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Wednesday, August 26, 2015

In a Small Town

On a frigid winter evening nearly six months ago, police officer Jonathan Frost pulled seventeen-year-old Deven Guilford over for flashing his high beams at him.  Less than six minutes later, Deven was dead, shot seven times by the Eaton County Sheriff’s Deputy.  The tragedy that unfolded on a dark, rural highway just outside the small town of Grand Ledge, Michigan on February 28, 2015 left a family grieving, a police department facing allegations of corruption, and a town divided.  But what exactly happened?  How did a routine traffic stop result in the death of a teenager at the hands of a police officer?  The answer should be simple, as the confrontation was captured on video by both Sgt. Frost’s bodycam and Deven’s cell phone.  But the release of that footage has only sparked more controversy, and created further conflict in a previously peaceful town.

I remember where I was the night Deven died.  I was at home watching a movie with my husband when the first emergency vehicle flew past my house.  Living right on the main road that leads in and out of town, it’s not unusual to hear sirens now and again.  But that night, they just kept coming.  And then the online gossip started.  A police officer had killed a seventeen-year-old boy on his way home from church, who, just moments before shots rang out, was on his knees with his hands in the air, surrendering.  What?!



THINGS LIKE THAT DON’T HAPPEN HERE

No, really, they don’t.  Grand Ledge is a peaceful town with virtually non-existent violent crime statistics, much unlike the nearby larger town I grew up in.  It’s safe, quiet, quaint, friendly- picture perfect, really.  Our police officers don’t kill people, let alone children.  Grand Ledge simply isn’t that kind of place.  There had to be more to the story.

I’ve always been a staunch supporter of our men and women in uniform.  The job they do and the risks they take in the interest of public safety make them heroes in my eyes.  All of my interactions with law enforcement in my 35 years of life have been positive, most of them of a helpful nature (give or take a bogus traffic ticket or two.)  I remember sitting at my dining room table with a young, red-headed Grand Ledge Police Officer on more than one occasion in recent years, thanks to a crazy former neighbor who was constantly calling the police on me for the most ridiculous offenses, such as: stealing the rusty old shovel he used to clean up  his dog’s messes (I didn’t), stealing his parking spot (the townhouse complex we lived in didn’t have assigned parking), and allowing my children to “play too loudly.”  Every time, Officer Red Hair would knock on my door, an apologetic smile on his face, ask to come in, and then we would sit and joke about how bonkers the old guy next door was before he went over to his place to chastise him about calling the police for such nonsensical reasons.  When I first heard about the shooting, I thought of him.  It was impossible for me to imagine him or any of his coworkers killing someone, anyone, especially a kid, without just cause.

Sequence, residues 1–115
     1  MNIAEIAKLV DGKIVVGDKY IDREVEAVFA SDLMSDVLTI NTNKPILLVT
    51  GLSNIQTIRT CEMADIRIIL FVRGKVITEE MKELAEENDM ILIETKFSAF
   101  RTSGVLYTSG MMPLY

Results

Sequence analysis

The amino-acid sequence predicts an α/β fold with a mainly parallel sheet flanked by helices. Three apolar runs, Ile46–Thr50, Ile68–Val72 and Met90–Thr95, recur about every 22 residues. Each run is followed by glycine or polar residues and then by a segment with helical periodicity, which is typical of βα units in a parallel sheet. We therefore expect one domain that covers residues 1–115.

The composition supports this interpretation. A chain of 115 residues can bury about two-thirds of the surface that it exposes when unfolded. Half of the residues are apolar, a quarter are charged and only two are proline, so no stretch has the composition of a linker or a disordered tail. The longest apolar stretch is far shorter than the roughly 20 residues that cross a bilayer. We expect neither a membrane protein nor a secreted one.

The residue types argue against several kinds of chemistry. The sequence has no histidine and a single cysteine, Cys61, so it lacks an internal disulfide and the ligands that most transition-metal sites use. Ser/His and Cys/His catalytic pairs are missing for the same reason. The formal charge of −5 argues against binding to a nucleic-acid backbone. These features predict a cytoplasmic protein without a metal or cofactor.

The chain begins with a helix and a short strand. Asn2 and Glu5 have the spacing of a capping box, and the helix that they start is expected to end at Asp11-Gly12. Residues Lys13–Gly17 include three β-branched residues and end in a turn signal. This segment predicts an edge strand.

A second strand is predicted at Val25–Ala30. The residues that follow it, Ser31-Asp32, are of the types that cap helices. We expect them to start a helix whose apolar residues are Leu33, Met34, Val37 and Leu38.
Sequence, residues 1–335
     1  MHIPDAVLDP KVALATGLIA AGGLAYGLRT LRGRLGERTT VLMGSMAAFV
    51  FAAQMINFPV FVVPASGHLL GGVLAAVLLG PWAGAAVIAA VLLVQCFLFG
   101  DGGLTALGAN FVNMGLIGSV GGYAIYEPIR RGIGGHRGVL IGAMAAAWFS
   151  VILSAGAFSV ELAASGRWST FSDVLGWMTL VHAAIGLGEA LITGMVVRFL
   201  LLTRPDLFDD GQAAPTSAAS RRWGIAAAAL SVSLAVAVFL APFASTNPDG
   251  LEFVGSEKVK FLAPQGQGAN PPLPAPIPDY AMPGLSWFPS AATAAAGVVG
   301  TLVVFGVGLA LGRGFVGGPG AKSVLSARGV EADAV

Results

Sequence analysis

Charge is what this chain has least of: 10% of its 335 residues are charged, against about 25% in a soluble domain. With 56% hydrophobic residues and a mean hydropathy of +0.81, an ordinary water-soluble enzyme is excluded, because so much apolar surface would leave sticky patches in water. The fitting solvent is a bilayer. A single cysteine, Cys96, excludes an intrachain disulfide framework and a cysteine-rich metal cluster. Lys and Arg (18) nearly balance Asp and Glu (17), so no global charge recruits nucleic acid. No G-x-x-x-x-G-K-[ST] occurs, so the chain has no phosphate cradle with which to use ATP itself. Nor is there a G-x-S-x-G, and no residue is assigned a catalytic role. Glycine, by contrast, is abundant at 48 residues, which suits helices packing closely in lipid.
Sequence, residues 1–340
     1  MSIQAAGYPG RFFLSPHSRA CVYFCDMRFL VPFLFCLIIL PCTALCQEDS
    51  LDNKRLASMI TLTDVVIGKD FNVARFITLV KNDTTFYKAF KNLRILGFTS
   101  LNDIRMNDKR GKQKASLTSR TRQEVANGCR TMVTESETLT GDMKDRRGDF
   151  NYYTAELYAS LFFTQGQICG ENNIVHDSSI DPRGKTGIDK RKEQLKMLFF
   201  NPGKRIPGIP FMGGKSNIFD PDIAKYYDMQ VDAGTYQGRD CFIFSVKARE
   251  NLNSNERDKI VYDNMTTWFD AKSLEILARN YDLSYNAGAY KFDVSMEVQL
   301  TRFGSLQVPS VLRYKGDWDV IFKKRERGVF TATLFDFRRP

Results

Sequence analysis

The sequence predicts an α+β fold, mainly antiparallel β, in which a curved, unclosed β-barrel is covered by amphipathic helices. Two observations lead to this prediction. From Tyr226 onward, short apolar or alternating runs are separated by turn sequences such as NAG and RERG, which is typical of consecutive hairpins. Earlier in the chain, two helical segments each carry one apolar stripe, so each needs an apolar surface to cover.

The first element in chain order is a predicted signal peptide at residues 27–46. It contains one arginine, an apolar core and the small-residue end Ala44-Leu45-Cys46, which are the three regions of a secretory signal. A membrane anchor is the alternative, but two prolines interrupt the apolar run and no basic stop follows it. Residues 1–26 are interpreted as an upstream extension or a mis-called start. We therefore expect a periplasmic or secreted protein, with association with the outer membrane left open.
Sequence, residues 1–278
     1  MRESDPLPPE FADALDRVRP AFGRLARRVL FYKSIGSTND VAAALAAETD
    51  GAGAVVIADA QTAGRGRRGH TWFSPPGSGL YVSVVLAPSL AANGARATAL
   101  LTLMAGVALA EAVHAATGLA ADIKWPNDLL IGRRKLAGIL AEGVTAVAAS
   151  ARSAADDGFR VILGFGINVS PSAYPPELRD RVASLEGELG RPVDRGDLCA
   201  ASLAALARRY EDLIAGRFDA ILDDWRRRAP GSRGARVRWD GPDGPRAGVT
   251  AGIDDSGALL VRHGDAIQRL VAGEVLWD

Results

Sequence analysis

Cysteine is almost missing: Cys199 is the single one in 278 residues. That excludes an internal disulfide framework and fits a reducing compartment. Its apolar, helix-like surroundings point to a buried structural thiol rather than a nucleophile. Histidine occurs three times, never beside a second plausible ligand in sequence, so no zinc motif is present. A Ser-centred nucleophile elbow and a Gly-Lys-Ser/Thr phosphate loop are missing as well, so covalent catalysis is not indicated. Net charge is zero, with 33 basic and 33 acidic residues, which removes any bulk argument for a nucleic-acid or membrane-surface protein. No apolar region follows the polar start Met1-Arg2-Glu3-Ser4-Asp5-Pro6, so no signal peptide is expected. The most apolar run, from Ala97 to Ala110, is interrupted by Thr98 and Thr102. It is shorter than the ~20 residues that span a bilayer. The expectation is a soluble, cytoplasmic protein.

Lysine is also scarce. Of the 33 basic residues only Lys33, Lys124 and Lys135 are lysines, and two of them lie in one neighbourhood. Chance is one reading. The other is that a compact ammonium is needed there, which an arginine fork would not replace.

By the following morning, that kid had a name- Deven Guilford.  He also had a face that reminded me much of my own son’s.  They were classmates, just a grade level apart at Grand Ledge High School, and while they didn’t know one another, they had mutual friends.  For the first time, the thought entered my mind, “that could have been my son.”  And my feelings began to change.  I believe my exact words at the time were, “Unless he had a weapon or went for the officer’s weapon, there is no plausible excuse for Deven’s death.  A police officer that can’t subdue an unarmed teenager without killing him has no business being a police officer.”  I stand by those words today.  But when I first said them, I didn’t know whether or not Deven was armed, or anything about him, really.  There were reports that Sgt. Frost was gravely injured, hospitalized with some sort of abdominal wound that was rumored to be a result of him being stabbed or shot.  So while I prayed for the Guilford family, I made the choice to wait for the police report to come out before truly taking a stance on the issue.


THE AWFUL TRUTH

It took over three months for the official report on Deven’s death to be released by the Eaton County Prosecutor’s Office, which can be read in its entirety HERE.  During that time, the nation rioted over the death of Freddie Gray at the hands of police in Baltimore, and was outraged over alleged police brutality at an out of control pool party in McKinney, Texas.  All the while, no one seemed too concerned about the teenager gunned down by police on his way home from church.  Not even people in the community where it happened.  I wonder why that is?